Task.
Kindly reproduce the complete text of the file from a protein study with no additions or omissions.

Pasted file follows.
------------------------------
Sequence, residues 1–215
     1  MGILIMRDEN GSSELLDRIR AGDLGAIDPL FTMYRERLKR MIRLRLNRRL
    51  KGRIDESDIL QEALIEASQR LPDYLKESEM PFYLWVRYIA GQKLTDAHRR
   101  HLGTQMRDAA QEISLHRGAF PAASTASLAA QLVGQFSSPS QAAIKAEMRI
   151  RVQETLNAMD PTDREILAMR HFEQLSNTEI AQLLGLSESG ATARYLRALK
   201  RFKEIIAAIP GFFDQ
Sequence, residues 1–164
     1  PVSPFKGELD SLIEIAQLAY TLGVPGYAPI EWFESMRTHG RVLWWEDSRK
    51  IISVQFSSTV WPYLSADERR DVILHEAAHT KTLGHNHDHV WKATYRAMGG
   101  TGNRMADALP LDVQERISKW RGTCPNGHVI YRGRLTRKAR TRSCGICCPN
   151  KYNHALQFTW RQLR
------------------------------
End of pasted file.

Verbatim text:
Sequence, residues 1–215
     1  MGILIMRDEN GSSELLDRIR AGDLGAIDPL FTMYRERLKR MIRLRLNRRL
    51  KGRIDESDIL QEALIEASQR LPDYLKESEM PFYLWVRYIA GQKLTDAHRR
   101  HLGTQMRDAA QEISLHRGAF PAASTASLAA QLVGQFSSPS QAAIKAEMRI
   151  RVQETLNAMD PTDREILAMR HFEQLSNTEI AQLLGLSESG ATARYLRALK
   201  RFKEIIAAIP GFFDQ
Sequence, residues 1–164
     1  PVSPFKGELD SLIEIAQLAY TLGVPGYAPI EWFESMRTHG RVLWWEDSRK
    51  IISVQFSSTV WPYLSADERR DVILHEAAHT KTLGHNHDHV WKATYRAMGG
   101  TGNRMADALP LDVQERISKW RGTCPNGHVI YRGRLTRKAR TRSCGICCPN
   151  KYNHALQFTW RQLR